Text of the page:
Biotech Updates

Parasitic Plants Get a Boost from Stolen Genes

August 14, 2019

Researchers from Penn State, Virginia Tech, and Kennesaw University in the US, discovered that parasitic plants steal genes from their host plants and use it to efficiently absorb nutrients from their host. The study focused on the parasitic plant dodder, which has stolen a huge quantity of genetic material from its host plants, including over a hundred functional genes. These genes contribute to the dodder's ability to attach better to its host and siphon its nutrients.

Parasitic plants such as dodder cannot live independently through photosynthesis. They access a host plant's water and nutrient supply through structures called haustoria. The dodder envelops the host plant and grows into its vascular tissue. Its usual hosts include wild plants as well agricultural and horticultural crops.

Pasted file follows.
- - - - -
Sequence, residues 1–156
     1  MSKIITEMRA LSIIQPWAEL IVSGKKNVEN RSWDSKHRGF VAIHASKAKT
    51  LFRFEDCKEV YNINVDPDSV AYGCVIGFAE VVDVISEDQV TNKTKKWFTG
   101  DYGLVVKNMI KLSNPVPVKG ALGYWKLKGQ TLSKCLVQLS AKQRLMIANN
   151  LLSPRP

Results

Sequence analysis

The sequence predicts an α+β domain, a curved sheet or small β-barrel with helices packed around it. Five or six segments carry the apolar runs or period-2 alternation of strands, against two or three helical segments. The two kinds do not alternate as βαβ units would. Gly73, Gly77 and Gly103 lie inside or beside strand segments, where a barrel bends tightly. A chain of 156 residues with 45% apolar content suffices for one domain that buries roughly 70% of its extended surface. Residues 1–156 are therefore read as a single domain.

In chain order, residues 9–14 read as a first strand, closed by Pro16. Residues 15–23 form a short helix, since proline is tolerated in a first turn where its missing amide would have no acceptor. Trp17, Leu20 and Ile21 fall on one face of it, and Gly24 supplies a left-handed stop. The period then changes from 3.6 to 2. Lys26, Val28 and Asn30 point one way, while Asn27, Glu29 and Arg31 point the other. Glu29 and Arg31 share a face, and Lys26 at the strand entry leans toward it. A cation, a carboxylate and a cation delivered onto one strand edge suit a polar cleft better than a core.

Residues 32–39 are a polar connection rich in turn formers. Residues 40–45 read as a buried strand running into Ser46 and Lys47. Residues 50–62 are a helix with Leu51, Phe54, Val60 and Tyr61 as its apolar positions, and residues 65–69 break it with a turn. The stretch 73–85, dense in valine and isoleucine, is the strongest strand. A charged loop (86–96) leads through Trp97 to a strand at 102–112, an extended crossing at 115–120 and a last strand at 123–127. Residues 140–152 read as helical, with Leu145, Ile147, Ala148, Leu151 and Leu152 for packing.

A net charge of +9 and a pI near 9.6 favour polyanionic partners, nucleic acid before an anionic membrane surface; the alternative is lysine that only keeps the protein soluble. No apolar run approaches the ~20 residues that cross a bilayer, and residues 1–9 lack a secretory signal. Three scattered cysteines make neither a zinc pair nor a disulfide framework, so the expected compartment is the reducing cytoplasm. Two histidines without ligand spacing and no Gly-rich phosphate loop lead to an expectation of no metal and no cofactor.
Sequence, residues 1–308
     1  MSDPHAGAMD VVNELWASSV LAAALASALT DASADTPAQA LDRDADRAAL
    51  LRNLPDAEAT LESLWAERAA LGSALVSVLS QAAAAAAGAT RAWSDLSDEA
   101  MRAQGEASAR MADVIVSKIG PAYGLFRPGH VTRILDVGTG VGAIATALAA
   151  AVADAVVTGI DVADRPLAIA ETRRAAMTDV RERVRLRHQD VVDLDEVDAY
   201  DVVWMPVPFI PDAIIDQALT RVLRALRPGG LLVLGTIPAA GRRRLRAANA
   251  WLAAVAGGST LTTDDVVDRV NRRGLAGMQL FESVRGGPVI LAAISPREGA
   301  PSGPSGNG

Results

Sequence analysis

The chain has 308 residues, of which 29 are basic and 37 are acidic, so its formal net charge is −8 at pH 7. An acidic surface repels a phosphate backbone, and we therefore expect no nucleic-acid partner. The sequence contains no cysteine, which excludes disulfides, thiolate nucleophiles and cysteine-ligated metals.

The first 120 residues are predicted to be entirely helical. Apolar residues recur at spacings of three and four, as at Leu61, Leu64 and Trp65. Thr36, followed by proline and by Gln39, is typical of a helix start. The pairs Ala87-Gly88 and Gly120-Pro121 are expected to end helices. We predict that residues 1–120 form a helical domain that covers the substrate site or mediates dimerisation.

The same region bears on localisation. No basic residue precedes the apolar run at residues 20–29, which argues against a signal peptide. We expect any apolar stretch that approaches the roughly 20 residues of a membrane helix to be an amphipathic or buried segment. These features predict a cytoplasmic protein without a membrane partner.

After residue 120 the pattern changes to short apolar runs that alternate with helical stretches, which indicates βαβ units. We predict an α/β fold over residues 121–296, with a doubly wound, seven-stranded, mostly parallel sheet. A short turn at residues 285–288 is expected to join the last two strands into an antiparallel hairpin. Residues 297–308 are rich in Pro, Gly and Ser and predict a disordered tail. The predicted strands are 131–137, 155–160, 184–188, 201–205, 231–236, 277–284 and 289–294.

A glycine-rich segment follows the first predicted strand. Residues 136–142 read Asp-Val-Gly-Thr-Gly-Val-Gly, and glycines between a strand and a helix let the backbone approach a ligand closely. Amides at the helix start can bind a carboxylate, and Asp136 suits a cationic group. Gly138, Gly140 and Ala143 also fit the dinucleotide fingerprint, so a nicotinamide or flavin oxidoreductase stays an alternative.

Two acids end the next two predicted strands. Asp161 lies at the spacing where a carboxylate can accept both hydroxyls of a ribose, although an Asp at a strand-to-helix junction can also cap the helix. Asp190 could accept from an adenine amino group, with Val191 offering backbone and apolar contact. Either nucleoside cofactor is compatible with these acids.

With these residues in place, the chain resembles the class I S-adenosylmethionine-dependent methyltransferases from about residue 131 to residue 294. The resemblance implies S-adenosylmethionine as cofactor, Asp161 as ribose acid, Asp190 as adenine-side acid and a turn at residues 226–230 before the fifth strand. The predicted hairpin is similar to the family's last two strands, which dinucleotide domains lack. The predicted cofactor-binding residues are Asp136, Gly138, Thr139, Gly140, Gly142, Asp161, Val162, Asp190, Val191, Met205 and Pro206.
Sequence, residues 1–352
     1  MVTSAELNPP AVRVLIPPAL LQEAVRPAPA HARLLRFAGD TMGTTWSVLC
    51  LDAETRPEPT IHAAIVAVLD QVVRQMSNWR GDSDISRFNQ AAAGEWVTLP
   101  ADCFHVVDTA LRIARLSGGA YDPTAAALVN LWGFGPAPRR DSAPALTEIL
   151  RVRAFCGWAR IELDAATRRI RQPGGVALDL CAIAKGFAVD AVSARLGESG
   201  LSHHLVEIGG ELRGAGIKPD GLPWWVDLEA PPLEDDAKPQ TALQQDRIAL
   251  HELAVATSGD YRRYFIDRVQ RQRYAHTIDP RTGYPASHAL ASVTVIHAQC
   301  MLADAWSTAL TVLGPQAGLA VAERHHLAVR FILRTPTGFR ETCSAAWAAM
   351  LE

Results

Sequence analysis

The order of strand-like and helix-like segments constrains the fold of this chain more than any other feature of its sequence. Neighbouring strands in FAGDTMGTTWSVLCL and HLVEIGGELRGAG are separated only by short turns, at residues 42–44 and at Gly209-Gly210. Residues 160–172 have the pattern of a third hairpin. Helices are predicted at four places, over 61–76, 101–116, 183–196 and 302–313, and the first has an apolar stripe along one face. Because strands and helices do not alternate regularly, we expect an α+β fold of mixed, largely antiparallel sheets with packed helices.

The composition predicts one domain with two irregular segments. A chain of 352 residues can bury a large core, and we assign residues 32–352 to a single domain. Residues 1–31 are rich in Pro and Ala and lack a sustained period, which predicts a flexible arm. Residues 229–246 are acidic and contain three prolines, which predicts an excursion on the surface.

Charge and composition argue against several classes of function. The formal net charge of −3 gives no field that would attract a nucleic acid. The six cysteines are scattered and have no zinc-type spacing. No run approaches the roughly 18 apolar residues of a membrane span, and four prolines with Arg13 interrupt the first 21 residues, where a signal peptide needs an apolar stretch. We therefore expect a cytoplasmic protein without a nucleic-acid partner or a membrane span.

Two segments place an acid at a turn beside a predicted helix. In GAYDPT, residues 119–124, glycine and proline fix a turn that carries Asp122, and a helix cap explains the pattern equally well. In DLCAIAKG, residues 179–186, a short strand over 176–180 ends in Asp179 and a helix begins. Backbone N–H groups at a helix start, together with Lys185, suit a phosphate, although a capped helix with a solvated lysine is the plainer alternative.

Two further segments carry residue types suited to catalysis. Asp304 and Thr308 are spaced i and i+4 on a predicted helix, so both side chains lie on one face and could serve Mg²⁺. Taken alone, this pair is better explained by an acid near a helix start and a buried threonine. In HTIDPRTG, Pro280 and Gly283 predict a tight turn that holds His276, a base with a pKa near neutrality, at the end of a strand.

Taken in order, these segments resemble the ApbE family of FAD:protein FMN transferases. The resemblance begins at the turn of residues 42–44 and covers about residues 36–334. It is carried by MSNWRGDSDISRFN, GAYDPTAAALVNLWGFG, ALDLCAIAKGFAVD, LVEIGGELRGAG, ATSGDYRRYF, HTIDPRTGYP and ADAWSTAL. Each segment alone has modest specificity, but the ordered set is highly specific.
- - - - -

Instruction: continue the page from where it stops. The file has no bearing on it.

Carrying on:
The research team identified 108 genes that have been included to dodder's genome through horizontal gene transfer. The genes appear to be functional in the parasite, aiding haustoria structure, defense responses, and amino acid metabolism. One of the stolen genes produce micro RNAs that are returned to the host plant, working as a genetic weapon to put down host defense genes. Eighteen of the 108 genes were also found in all dodder species, which may imply that these genes were stolen by the ancestral form of dodder and eventually retained by the modern species.

According to Claude dePamphilis, professor of biology at Penn State and senior author of the study, the results "present the most dramatic case known of functional horizontal gene transfer ever found in complex organisms." The researchers are still studying how the genetic material is being moved from host to parasite to determine if it is a one-way process or if the host can also acquire genes from its parasite.

For more information, read the news article in Penn State Eberly College of Science and access the journal article in Nature Plants.

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